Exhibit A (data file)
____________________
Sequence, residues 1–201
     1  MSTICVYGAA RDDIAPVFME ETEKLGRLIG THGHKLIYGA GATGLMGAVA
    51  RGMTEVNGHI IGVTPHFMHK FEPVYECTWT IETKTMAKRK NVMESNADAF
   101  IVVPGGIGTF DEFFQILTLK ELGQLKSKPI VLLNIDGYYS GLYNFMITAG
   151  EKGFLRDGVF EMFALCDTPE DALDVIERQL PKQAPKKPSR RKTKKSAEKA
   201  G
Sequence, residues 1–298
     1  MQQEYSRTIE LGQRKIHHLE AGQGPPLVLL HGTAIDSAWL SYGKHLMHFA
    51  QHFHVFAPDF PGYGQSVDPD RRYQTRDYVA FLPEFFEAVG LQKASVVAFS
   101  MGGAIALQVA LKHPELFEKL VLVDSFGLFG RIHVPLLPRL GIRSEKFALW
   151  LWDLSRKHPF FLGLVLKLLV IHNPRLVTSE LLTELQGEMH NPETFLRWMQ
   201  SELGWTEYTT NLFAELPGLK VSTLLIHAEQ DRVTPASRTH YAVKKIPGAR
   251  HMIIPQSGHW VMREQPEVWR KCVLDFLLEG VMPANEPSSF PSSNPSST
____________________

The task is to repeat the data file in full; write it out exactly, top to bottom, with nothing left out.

Sequence, residues 1–201
     1  MSTICVYGAA RDDIAPVFME ETEKLGRLIG THGHKLIYGA GATGLMGAVA
    51  RGMTEVNGHI IGVTPHFMHK FEPVYECTWT IETKTMAKRK NVMESNADAF
   101  IVVPGGIGTF DEFFQILTLK ELGQLKSKPI VLLNIDGYYS GLYNFMITAG
   151  EKGFLRDGVF EMFALCDTPE DALDVIERQL PKQAPKKPSR RKTKKSAEKA
   201  G
Sequence, residues 1–298
     1  MQQEYSRTIE LGQRKIHHLE AGQGPPLVLL HGTAIDSAWL SYGKHLMHFA
    51  QHFHVFAPDF PGYGQSVDPD RRYQTRDYVA FLPEFFEAVG LQKASVVAFS
   101  MGGAIALQVA LKHPELFEKL VLVDSFGLFG RIHVPLLPRL GIRSEKFALW
   151  LWDLSRKHPF FLGLVLKLLV IHNPRLVTSE LLTELQGEMH NPETFLRWMQ
   201  SELGWTEYTT NLFAELPGLK VSTLLIHAEQ DRVTPASRTH YAVKKIPGAR
   251  HMIIPQSGHW VMREQPEVWR KCVLDFLLEG VMPANEPSSF PSSNPSST